Heather Cox Richardson
New figures out today from the Labor Department show that employers added 187,000 jobs in August, up but at a slower rate than the red-hot job market has been adding since the pandemic. Unemployment ticked up to 3.8%, in part because of the 37,000 jobs lost when the trucking company Yellow declared bankruptcy. The economy appears to be steadying, with only 1.5 jobs for every person looking, down from the 2 openings in early 2022.
As the hiring frenzies of the past two years calm down, economists expect job growth to continue in health care and education, which have made up 85% of the job growth in the past three months. After that, government investments in infrastructure under the Bipartisan Infrastructure Act, renewable energy thanks to the Inflation Reduction Act, and semiconductor manufacturing thanks to the CHIPS and Science Act are likely to keep demand growing.
The economic numbers for the Biden administration are remarkable and demonstrate the strength of the system under which the government operated from 1933 to 1981: the idea that investing in ordinary Americans builds the economy far more efficiently than so-called “supply-side economics.” That economic ideology, advanced by the Reagan Republicans, claimed that cutting regulations and concentrating wealth at the top of the economy would enable business leaders to invest in the economy efficiently, cutting costs and driving economic growth.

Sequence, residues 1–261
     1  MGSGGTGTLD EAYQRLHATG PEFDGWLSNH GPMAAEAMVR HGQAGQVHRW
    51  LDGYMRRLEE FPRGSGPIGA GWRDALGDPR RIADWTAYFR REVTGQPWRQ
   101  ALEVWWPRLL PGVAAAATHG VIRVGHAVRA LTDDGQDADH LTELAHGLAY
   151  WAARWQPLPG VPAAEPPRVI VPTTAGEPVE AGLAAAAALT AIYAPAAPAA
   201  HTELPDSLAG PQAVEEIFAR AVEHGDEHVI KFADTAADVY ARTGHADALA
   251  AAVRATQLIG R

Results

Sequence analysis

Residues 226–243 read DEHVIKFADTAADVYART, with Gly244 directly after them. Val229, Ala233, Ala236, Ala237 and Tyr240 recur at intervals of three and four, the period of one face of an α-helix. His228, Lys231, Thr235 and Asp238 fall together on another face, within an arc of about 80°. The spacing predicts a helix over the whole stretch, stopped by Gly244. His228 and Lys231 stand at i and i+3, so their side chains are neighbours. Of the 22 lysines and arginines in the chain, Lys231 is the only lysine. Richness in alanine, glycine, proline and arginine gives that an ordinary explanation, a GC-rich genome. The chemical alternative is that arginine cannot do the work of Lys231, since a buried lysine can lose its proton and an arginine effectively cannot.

But that vision has never produced as promised, while it has dramatically concentrated wealth and power since it went into effect in 1981. “Bidenomics” is a rejection of that theory and a return to the economic vision that built the country in the fifty years before it. Investing in infrastructure and programs that help ordinary Americans puts money and the power of innovation into their hands, driving the economy from the bottom up and the middle out, as Biden puts it.
In a reflection of the plan to use the government to help those at the bottom of the economy, the administration yesterday canceled $72 million in student loans for 2,300 borrowers who were cheated by the for-profit Ashford College, which was purchased in 2020 by the University of Arizona. It says it will try to recoup the money from the University of Arizona, which denies any responsibility for the actions of Ashford or its parent company, the education technology services company Zovio.